New York is one of the top five states when it comes to the number of medical malpractice lawsuits filed against medical professionals.
Oct 01, 2016 /prREACH/ -- Whenever someone isn’t feeling well, the hope is that a trip to the doctor will fix the problem. The last thing that a patient wants to think is that their doctor is going to make a mistake. But unfortunately, doctors make life-threatening mistakes that can cost their patients their health, money, and time.
New York is one of the top five states when it comes to the number of medical malpractice lawsuits filed. Claims have alleged a wide variety of mistakes including misdiagnosis, the use of the wrong medication, and surgical errors, including numerous allegations that a surgeon removed the incorrect body part.
One of the most shocking cases, however, was filed recently by the widow of a man who is alleging that doctors declared him dead hours before he actually died. Her husband suffered a heart attack while grocery shopping and when she rushed to the hospital, his doctors informed her that he had passed away. She was allowed to visit him to say her goodbyes but she was shocked to find that his eyes moved when she spoke to him. She called the doctor in three separate times only to be told that it was “normal” to believe her husband was still alive and breathing. It wasn’t until the last time when she insisted that the doctor perform an exam on him and her husband actually lifted his head off of the table that they believed her.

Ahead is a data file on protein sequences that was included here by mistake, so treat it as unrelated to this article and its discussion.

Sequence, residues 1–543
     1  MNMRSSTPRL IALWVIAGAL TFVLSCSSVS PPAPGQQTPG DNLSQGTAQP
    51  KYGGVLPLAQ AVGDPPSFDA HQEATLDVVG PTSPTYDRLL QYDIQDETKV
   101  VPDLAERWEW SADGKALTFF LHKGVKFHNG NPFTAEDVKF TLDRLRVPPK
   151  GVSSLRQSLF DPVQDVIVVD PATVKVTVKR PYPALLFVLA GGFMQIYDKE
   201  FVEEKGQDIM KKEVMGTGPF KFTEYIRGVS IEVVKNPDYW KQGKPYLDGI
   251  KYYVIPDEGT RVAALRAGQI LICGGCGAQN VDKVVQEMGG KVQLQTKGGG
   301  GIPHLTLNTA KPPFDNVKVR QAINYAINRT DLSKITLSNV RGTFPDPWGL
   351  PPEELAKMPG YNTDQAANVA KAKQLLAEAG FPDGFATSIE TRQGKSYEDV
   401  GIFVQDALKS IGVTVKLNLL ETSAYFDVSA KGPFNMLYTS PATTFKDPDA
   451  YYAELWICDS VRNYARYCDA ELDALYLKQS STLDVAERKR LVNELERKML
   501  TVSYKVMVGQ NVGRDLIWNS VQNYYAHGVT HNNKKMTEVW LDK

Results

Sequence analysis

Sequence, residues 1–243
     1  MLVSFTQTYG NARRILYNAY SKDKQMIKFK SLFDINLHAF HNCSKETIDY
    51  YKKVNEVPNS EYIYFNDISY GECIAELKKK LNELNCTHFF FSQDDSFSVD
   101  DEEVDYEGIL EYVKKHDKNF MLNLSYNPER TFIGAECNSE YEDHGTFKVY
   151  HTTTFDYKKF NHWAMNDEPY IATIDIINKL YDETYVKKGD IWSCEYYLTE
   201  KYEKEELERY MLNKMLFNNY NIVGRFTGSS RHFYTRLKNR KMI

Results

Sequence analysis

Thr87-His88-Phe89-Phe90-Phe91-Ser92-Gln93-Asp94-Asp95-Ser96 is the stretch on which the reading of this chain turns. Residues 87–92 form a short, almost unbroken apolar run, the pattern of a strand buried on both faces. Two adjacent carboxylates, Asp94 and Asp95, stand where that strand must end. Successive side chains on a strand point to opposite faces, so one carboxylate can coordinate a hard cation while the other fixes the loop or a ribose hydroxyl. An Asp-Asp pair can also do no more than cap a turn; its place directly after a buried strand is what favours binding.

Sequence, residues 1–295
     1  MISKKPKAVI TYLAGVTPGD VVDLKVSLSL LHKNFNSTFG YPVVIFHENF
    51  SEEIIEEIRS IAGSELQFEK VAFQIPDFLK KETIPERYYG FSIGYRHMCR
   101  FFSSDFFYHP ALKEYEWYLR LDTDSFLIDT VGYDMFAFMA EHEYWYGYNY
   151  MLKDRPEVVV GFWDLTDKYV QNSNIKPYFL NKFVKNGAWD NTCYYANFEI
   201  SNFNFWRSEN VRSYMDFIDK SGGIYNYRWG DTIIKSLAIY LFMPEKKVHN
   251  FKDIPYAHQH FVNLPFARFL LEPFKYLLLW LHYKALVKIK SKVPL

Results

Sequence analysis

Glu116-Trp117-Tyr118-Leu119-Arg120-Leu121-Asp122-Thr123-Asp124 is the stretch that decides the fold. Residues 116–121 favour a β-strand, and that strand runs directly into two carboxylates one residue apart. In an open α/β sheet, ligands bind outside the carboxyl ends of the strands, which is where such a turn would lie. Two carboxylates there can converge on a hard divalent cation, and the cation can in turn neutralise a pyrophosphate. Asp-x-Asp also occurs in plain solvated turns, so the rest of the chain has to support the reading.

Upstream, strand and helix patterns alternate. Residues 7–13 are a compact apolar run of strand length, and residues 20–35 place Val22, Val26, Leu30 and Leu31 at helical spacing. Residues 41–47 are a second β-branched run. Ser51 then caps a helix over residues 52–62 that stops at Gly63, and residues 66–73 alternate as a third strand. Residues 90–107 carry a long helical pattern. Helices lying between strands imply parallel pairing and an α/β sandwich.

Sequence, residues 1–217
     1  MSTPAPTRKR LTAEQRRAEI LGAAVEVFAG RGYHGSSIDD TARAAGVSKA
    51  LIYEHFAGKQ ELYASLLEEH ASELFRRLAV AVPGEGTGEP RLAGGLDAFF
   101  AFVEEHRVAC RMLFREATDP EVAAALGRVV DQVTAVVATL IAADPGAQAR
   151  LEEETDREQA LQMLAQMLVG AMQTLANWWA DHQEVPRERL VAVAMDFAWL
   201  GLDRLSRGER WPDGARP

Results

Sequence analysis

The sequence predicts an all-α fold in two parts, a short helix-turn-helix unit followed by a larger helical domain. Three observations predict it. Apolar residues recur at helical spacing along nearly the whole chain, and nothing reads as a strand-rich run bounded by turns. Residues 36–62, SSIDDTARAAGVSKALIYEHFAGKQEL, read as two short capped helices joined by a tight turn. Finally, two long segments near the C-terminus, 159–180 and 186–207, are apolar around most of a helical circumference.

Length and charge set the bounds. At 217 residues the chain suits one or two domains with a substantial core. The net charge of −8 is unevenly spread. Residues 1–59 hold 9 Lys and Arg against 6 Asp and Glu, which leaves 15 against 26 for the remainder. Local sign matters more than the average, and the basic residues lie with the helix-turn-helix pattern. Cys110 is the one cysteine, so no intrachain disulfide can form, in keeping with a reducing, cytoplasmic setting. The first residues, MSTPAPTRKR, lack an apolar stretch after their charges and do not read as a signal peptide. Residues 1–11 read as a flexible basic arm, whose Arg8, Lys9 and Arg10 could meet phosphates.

He was quickly taken for further examination and treatment but by that time, he had been suffering from a collapsed lung and his medical team was unable to save his life.
The unfortunate thing is that there is a statute of limitations defining how long a victim has to file their claim. Because so many medical mistakes aren’t discovered until years later, this sometimes means that time has run out for the victim. Thankfully, state officials understand the need for a change and recently announced that the time allowed to file would begin once the mistake was found instead of the date the mistake was made.